Leverage Resource Management and Team Productivity
Successful onboarding requires more than just checking to-do lists and tallying completed tasks; effective resource management involves strategic forecasting, scheduling anticipated tasks, thoughtful delegating, and allocating resources for optimal efficiency.
An automated platform seamlessly tracks the costs within the project and allows for ready access to essential information, so your entire team can get started on assigned tasks without waiting for crucial information or approval.
It also makes it easier for team members to share their tools and techniques, which can help improve everyone’s productivity—no lag time in waiting for progress reports or task completion. Organized onboarding strategies leverage your team for peak performance.
Keep An Eye On The Big Picture
We do what we can to maintain trustworthy and productive relationships. But as we work to dazzle the client with our organizational expertise, we can’t lose sight of the big picture. Studies show that 80 percent of onboarding projects fail to meet the project’s deadline. With a robust onboarding process that monitors tasks for all members of the sales and customer success teams, those delays are avoided.
“It’s important to gauge goals, expectations and ideal outcomes for a project, and then discuss how you’ll work together to make them actionable and achievable,” says Madeleine LaPlante-Dube. “In many cases, you’ll have to find a happy medium between what the client wants to achieve, what resources they have available and what your team’s time and efforts will allow for.”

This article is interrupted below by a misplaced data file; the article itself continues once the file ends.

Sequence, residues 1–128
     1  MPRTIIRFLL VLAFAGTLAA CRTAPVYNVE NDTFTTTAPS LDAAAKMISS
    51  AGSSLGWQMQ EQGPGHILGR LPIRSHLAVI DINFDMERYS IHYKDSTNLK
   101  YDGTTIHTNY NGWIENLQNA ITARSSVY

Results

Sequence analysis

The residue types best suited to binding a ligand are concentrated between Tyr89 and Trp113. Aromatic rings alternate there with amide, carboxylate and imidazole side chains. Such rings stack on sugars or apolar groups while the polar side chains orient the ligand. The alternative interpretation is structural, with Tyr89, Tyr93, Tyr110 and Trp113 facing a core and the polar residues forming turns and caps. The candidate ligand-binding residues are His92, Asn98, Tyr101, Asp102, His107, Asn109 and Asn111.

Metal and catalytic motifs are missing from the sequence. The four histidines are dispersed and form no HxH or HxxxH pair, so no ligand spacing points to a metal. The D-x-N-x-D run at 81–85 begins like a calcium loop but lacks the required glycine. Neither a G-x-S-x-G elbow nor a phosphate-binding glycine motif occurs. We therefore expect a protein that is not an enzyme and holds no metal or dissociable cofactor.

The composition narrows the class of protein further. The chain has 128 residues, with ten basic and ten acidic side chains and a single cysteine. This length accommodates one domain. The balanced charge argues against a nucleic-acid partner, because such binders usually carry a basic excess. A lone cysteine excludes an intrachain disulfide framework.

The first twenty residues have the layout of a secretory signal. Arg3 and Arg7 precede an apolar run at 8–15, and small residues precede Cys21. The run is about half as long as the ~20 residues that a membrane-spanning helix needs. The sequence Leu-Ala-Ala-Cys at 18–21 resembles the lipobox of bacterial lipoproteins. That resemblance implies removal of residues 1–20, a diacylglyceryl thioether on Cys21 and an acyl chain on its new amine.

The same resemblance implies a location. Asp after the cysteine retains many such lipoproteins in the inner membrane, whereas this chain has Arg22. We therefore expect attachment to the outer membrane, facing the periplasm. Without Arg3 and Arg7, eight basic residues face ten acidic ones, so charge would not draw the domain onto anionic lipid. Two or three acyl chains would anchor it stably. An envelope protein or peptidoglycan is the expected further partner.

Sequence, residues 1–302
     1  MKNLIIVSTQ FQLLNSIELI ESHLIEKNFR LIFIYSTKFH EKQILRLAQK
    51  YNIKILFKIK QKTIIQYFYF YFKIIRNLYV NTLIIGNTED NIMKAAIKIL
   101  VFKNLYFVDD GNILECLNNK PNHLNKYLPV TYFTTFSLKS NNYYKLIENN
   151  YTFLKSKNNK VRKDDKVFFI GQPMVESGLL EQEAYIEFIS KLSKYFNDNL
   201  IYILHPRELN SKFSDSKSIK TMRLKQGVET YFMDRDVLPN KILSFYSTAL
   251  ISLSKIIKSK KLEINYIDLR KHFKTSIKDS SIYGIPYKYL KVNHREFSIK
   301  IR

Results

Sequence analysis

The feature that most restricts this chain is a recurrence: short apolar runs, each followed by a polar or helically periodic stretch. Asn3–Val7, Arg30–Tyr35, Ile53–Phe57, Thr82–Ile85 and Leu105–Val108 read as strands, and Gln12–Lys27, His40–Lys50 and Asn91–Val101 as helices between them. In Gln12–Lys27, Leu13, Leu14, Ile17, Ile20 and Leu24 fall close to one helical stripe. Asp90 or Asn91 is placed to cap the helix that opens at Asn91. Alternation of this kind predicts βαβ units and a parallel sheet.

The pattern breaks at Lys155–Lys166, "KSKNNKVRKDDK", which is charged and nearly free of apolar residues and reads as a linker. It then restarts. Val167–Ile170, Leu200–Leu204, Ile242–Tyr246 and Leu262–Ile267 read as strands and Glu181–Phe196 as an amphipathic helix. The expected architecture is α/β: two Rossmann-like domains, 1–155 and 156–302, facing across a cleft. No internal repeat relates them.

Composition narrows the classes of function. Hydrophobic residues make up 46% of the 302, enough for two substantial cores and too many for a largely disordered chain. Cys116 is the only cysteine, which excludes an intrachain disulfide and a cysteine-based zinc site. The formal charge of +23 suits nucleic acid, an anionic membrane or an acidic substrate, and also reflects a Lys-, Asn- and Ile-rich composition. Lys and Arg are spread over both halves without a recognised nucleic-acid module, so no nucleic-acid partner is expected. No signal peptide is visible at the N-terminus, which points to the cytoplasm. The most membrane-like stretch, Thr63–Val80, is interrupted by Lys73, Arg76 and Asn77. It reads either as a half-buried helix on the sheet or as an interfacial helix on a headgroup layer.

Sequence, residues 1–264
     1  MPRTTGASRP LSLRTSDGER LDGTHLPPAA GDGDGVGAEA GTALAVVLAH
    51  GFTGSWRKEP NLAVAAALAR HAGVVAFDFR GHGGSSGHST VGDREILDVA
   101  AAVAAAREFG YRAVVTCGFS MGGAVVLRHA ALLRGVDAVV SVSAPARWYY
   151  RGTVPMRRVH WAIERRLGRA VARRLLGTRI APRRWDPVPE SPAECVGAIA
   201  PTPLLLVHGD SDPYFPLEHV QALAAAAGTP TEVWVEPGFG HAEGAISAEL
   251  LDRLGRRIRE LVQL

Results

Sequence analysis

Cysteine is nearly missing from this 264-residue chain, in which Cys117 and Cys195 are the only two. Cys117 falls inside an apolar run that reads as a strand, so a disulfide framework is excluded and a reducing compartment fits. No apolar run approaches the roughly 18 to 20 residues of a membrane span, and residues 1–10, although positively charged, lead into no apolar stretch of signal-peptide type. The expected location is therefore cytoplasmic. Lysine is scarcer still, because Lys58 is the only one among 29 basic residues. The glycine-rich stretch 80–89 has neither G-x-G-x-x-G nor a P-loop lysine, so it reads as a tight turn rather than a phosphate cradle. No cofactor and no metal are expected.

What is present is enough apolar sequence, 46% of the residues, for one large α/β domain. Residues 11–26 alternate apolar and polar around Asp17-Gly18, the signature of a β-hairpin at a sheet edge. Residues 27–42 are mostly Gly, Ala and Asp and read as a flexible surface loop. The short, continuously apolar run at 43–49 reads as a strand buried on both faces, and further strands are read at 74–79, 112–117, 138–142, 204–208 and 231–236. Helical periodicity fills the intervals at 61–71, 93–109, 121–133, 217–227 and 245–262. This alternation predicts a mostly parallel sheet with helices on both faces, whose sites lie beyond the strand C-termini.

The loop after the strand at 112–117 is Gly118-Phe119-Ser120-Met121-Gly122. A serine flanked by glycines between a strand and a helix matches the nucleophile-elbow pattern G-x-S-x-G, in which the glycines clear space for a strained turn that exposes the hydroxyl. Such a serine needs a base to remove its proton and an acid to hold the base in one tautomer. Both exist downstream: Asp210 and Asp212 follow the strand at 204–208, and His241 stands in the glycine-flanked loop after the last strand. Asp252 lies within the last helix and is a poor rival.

Even if you don’t bill for time, your sales and customer success teams need to understand how much time the onboarding process is costing you. The most reliable way to track those expenses is by using a collaborative, automated system that provides precise time to value (TTV) calculations that will keep your onboarding process not only focused and on track but within budget.
Happy customers are those who had a positive onboarding experience with a company that is prepared not just to meet but exceed their expectations. Implementing an onboarding system that aligns your sales and customer success team on a centralized platform with key features that provide interactive communication and product demos may translate into a faster customer commitment.
Meanwhile, the onboarding process can have a direct impact on both upselling and renewal rates. When you instill trust in your product, you can help clients reach their goals with minimal effort and continue to create a new level of customer experience based on transparency, efficiency, and clearly defined goals.
- 3 Benefits of a Combined Sales and Customer Success Team - July 21, 2021
- Successful Transitions from Sales to Onboarding: What it Looks Like - September 23, 2020
- After the Sale: Key First Steps for Onboarding - August 5, 2020